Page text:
MakerSpace program creates grassroots opportunities in Brampton
Elizabeth Gyurán was in the Brampton Public Library when she saw the flyer. It was promoting MakerSpace Brampton, a unique program developed by the City of Brampton, Sheridan College and the Library to make advanced technology generally available to Brampton residents and businesses.
Her first thought was that it might be a fun thing for her family to try. Her husband, a car buff, was excited at the prospect of 3D printing for car parts that are no longer available. She wasn’t thinking about how it would change her home-based business. But it did.
MakerSpace Brampton has set me on a whole new path
“MakerSpace Brampton has set me on a whole new path,” says Gyurán, owner of Pick Pocket Designs, and designer and manufacturer of the handbags she sells. “When I saw the 3D printer, I got to thinking about what I could do with it.”
Her thoughts went to an Old World technique called leather moulding. With a 3D printer at her disposal and expert guidance from Sheridan College faculty, she began experimenting with a new way to expand her product line.
“I’m printing moulds, making shapes that you normally could not do, or at least would be very difficult to do,” Gyurán says. “It has been an incredible opportunity to have access to this new and emerging technology and being able to try it for free. Once you start trying it, your mind starts racing about what you can do with it. You start thinking about different ways of using it and how it can be useful. You realize you can do stuff you could never have done before.”
MakerSpace Brampton is bringing technology and programs for all ages
MakerSpace Brampton is bringing technology and programs for all ages to inspire more stories like Gyurán’s. The unique and innovative partnership behind it is providing free access to new technology, tools, expertise, programs and events where people like Gyurán can brainstorm, network and build on their ideas. Rebecca Raven, Chief Executive Officer of the Library, which acts as the host of MakerSpace, refers to it as a “Collaboratory.”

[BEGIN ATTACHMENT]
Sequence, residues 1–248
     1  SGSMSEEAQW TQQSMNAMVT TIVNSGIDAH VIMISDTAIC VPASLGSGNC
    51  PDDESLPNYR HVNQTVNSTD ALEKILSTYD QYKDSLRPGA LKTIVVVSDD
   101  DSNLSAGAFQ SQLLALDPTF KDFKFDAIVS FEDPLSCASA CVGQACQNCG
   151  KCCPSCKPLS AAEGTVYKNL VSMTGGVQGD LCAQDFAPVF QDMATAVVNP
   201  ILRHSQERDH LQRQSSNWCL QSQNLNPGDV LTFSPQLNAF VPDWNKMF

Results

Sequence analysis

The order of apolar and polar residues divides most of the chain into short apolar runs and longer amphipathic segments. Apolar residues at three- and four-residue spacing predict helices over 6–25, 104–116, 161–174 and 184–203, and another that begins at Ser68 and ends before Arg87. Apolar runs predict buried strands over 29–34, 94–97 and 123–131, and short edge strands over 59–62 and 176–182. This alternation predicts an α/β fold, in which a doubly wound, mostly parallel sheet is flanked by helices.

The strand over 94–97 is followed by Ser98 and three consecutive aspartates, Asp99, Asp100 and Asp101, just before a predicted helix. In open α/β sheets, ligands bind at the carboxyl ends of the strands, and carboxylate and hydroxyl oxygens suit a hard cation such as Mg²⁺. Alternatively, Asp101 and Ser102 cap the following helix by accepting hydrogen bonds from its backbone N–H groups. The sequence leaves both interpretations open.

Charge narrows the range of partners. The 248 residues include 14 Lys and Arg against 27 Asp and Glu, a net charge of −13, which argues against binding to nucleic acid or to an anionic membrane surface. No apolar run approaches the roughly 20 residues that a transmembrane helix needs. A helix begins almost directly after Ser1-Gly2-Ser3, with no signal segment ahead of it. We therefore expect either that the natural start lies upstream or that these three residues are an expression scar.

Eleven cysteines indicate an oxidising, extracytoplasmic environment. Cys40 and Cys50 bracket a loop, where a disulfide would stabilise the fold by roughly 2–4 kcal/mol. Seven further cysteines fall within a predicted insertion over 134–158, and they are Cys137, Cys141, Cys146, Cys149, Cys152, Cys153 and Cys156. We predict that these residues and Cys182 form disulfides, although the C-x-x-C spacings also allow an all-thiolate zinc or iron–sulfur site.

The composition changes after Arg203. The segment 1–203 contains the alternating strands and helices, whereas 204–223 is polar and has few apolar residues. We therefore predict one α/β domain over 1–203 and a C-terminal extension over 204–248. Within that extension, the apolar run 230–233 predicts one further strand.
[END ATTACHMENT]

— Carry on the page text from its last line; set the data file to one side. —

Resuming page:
“It’s a sandbox, a neutral space where people can come together and share and trade ideas and build on the expertise of one another,” she says. “It is a space where people are germinating ideas that could go anywhere.”
Experts from Sheridan College lead workshops on new technologies, including 3D printing, robotics, architecture and others, while City of Brampton Economic Development and Library staff deliver seminars that inspire creative thinking, and support learning through hands-on exploration.
Sheridan has been a leader in driving new technologies
Sheridan has been a leader in driving new technologies with its Centre for Advanced Manufacturing and Design Technologies, but wanted to expand the opportunities presented by the school to a grassroots audience.
“Science, technology, engineering and math are critical to the economic development of any region,” says Dr. Farzad Rayegani, Director of Sheridan’s advanced manufacturing centre. “A strong economy must rely on the production of something. If we don’t produce, the economy won’t be strong enough to support the services we cherish, like healthcare, policing and education. With MakerSpace Brampton, we are bringing the community together to build something and boldly say that we are still a nation of manufacturing.”
The MakerSpace Brampton programs aim to:
- Promote economic growth through innovation
- Provide opportunities for people to develop an interest, confidence and creativity in technology
- Support 21st century learning using educational technologies to apply knowledge to new situations, analyze information, collaborate, solve problems and make decisions
- Facilitate connections between entrepreneurs and practical resources for commercialization
- Contribute to the stability and growth of the creative economy
- Support peer-to-peer learning and foster connections with others in the community.
“At its heart, MakerSpace Brampton is an effort by the City to inspire creative thinkers and drive innovation through collaboration and collision,” says Kelly Stahl, Senior Advisor, Creative Economy in the Economic Development Office. “We are offering a real opportunity for informal, project-driven, self-directed learning, providing workspace to experiment and gather insight from peers with similar interests.”